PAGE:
It involves some hot hike-a-bike ascents up some absurd grades, surrounded by what we dubbed ‘clouds of hell-death’, otherwise known as horse flies. Sometimes up to 30 or 40 of these large biting flies would swarm around each of us, landing stealthily and readying their sharp, blood-sucking straws, which pierce through clothing with ease. Luckily they’re pretty dopey in their blood-drunk stupors and easy to kill with a swift swat. Redeemingly these sections are followed by some outstanding campspots and fine downhills, including one genuine whoop-whoop inducing flowing section of winding double track. It’s the kind of trail that makes you think about riding back up and doing it all again.
After this joyfully remote stretch we were braced for traffic filled roads with no shoulder when we finally hit the classic Carretera Austral. Much to our pleasant surprise the road was quiet, with a good shoulder and dramatic views, and it wasn’t far to a beer.
Pink thistle pom poms with an Andean backdrop near Trevelin
Argentina up to its spiky old tricks again while we hunted for a most elusive camp spot
Stoked on the friendliness of Corcovado, quiet roads (finally), nice views and Argentina’s constant sunshine
It was time for showering and charging, so we stopped in at this muy tranquilo little campground, run by a lovely family. The kids rowed their dad up and down the river while he fished from a reclining seat in the front of the boat. It was a far cry from the music festival style camping of El Bolson – crowded and complete with wristbands and a rule list as long as the Andes (quite long)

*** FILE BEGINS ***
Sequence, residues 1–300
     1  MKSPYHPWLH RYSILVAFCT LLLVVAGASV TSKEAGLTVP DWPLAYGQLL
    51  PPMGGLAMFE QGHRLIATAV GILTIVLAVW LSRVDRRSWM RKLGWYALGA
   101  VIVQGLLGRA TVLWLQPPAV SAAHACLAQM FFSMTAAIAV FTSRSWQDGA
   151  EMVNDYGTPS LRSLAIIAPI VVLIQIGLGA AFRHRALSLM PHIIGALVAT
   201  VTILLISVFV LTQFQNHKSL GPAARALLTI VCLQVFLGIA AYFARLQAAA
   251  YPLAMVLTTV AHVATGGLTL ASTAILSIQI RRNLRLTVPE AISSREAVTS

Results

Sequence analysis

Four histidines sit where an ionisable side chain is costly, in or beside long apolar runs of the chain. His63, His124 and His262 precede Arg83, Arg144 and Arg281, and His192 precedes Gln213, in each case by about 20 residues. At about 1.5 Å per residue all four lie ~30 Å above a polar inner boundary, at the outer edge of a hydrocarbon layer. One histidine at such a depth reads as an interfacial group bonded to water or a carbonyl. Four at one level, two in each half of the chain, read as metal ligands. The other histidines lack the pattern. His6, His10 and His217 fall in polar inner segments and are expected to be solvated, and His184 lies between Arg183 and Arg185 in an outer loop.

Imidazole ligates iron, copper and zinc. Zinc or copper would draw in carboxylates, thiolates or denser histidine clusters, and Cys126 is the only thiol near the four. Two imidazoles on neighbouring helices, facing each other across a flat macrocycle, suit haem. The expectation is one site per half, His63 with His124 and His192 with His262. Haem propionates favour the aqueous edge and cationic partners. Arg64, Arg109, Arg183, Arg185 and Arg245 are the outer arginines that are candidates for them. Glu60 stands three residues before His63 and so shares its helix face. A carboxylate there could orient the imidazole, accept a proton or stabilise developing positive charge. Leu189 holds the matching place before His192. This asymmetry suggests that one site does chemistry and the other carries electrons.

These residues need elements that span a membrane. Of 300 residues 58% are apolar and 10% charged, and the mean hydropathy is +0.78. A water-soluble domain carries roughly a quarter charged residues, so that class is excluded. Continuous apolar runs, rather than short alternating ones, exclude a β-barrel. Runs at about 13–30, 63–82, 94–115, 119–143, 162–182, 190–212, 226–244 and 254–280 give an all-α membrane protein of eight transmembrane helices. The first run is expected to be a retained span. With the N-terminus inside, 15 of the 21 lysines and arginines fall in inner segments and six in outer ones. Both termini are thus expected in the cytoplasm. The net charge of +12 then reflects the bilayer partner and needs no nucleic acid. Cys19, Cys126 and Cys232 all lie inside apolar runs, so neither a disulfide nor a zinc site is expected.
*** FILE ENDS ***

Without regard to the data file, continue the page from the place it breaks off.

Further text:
A blustery ride along the beautiful Lago Vintter
Morning stroll to go stand on some rocks and admire some views
You’re never far from a roadside shrine in Argentina
On route to and restocking in the oddly/awesomely named village of Doctor Atilio Oscar Viglione. Aka The Good Doctor
In search of a border crossing. Who’d have thought such a thing would be confusing to find?
The Argentine border post, watched over by an ancient Saint Bernard. Border posts here always have dogs.
Sublime pedalling towards the border and La Tapera
Horsefly tactics – sitting back to back limits surface exposure to the ‘bloodthirsty clouds of hell-death’
A route best not tackled after rain. At this point it hadn’t even rained in weeks.
Nothing good comes easy. Eileen pushing up some steep and loose sections.
Zero chance of seeing cars around here, and very slim chance of seeing any people
A shepherd’s hut with a wonderful roof but no shepherd